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I am a Dutch journalist, writer and photographer and cover topics such as human rights, poverty, migration, environmental issues, culture and business. I’m currently based in The Hague, The Netherlands, and frequently travel to other parts of the world. I have also lived in Tunisia, Egypt, Kuwait and Dubai.
My work has been published by Al Jazeera English, BBC, The Atlantic's CityLab, Vice, Deutsche Welle, Middle East Eye, The Sydney Morning Herald, and many Dutch and Belgian publications.
I hold an MA in Arabic Languages and Cultures from Radboud University Nijmegen and a post-Master degree in Journalism from Erasmus University Rotterdam. What I love most about my work is the opportunities I get to ask loads of questions. Email: [email protected]
Shaving has always been about gender and gender roles, beauty standards, masculinity and femininity.
This show is about “the surprising stories behind our biggest, household name brands” and “how these brands changed our lives – for better or worse.”
Shaving for men is simple: it’s manly. Not shaving is also manly. For women is complicated: is it oppressive, is it liberating, is it both? And what does Gillette have to do with it?
The host speaks to Cristen Conger and Caroline Ervin, hosts of the Unladylike podcast (which I’m definitely going to check out), who always thought that razor companies marketed the expectation that women should be hairless. But when they looked into it, the answer turned out to be much more complicated.
I still remember those first Venus commercials that were like all these women coming out singing: "I’m your Venus, I’m your fire, at your desire."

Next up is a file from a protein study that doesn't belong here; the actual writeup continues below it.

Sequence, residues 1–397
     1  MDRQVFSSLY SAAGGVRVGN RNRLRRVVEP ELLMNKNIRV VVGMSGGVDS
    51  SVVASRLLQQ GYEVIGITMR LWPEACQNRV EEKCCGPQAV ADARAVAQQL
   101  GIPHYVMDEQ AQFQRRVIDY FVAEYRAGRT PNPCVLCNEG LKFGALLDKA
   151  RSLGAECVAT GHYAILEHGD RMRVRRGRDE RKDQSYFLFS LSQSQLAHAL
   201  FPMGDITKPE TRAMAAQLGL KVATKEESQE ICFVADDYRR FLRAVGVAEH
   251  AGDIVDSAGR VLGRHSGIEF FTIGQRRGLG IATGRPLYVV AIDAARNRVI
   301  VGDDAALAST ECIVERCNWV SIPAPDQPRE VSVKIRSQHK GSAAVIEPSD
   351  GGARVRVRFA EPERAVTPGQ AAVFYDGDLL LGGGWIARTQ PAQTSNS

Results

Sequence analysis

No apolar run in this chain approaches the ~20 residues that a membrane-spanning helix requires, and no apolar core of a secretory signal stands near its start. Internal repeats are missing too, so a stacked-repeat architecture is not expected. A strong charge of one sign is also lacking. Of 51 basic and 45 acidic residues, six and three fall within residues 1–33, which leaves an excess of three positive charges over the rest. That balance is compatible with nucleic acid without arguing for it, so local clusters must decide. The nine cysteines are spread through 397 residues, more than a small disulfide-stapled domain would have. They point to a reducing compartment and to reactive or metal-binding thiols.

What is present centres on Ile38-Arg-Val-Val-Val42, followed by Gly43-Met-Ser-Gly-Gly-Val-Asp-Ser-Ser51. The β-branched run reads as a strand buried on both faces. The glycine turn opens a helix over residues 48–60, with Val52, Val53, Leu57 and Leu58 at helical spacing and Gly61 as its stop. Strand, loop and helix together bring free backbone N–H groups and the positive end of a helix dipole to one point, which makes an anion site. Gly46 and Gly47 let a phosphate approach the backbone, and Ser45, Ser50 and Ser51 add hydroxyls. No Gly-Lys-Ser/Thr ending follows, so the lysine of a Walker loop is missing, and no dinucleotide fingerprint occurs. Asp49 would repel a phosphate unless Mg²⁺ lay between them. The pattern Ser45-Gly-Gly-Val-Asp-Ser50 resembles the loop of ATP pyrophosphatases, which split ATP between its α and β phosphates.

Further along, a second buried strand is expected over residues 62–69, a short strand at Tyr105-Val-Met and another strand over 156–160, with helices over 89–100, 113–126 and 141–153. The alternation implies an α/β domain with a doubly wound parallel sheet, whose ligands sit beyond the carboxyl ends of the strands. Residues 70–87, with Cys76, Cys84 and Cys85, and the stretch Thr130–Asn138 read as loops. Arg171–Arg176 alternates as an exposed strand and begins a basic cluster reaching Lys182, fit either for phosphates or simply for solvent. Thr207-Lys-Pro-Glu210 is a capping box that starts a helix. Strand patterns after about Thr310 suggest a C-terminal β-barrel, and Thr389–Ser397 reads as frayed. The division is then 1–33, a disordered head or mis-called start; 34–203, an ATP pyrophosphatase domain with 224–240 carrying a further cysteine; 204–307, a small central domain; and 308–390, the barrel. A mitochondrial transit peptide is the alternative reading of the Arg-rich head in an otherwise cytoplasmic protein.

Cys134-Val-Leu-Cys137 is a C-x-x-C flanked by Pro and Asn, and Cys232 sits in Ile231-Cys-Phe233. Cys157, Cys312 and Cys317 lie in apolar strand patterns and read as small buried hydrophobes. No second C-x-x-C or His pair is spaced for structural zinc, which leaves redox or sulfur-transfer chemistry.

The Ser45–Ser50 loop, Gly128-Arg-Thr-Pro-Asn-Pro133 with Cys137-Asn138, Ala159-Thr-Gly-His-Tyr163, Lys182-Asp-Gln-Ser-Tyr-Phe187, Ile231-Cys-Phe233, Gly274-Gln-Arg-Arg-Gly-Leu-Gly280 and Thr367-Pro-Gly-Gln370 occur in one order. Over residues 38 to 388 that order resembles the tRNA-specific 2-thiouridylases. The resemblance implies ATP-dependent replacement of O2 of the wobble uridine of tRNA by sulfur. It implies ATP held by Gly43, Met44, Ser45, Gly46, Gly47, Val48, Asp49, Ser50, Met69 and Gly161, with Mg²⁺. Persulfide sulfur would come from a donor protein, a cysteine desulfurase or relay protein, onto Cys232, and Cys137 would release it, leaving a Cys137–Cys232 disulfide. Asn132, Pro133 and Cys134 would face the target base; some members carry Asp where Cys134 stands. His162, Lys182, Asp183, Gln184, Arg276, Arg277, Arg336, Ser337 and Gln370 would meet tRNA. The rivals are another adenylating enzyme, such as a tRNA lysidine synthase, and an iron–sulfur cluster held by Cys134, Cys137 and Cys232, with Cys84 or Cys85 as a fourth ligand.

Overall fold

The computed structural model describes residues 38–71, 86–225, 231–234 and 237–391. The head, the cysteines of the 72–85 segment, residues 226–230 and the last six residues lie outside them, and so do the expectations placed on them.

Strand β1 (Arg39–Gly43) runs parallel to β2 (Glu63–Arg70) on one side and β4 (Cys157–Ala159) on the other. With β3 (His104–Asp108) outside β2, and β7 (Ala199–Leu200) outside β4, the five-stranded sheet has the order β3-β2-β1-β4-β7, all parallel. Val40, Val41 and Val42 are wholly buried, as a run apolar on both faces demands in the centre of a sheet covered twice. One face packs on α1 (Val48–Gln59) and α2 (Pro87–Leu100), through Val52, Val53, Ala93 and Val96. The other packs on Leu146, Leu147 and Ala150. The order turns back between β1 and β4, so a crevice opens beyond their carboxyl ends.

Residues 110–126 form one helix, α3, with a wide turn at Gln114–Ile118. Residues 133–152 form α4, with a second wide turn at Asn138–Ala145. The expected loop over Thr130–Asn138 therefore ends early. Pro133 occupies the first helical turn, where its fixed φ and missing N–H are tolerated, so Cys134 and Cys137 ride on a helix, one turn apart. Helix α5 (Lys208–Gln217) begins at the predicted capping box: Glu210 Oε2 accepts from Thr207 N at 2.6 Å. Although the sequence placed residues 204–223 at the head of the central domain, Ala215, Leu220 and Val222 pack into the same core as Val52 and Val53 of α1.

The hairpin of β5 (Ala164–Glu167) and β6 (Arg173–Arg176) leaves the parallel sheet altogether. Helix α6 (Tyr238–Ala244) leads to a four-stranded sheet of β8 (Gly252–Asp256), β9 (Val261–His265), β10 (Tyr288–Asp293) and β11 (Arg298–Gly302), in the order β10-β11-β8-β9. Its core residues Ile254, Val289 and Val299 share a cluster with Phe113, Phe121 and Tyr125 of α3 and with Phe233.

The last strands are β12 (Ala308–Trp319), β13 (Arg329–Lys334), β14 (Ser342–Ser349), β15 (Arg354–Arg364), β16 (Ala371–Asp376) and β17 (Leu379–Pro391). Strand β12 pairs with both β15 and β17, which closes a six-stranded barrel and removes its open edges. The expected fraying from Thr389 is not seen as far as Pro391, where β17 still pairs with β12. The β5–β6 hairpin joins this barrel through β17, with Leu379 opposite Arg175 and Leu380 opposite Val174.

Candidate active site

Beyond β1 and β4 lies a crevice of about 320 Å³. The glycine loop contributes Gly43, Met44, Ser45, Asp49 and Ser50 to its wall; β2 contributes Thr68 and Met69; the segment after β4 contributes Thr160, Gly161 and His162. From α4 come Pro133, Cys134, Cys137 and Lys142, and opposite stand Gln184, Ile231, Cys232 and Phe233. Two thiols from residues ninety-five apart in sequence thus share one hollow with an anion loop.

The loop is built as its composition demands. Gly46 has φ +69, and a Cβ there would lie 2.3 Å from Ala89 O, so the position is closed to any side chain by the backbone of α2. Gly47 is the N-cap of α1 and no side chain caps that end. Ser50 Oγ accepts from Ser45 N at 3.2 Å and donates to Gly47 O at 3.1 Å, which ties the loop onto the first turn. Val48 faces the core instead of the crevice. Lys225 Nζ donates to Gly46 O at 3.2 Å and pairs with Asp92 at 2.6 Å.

This was both a brand and a beauty routine that we grew up with, and I feel like it was really ingrained, almost in our daily lives.
But Gillette didn’t invent the norm of hair removal, like Conger and Ervin always thought. Instead, body hair removal turned out an ancient cross-cultural practice.
Women have been body hair shamed for centuries, for example in Roman times.
In the 19th century, dermatologists started to talk about the “abnormality of masculine hair growth” on women.
Before the 1900s, it was OK to be hairy, because women’s bodies were covered up from neck to ankle.
After that, fashion magazines started to tell women your “embarrassing hair” had to go.
By the time Gillette started to sell razors to women, they had gotten used to depilatory creams and powders. But some of these creams could cause hair loss on other parts of the body, blindness and even death. There was also a time that women had nylons painted on their legs.
Therefore, shaving, which became a habit in the US during WWII, actually turned out to be an improvement for women, Conger and Ervin think.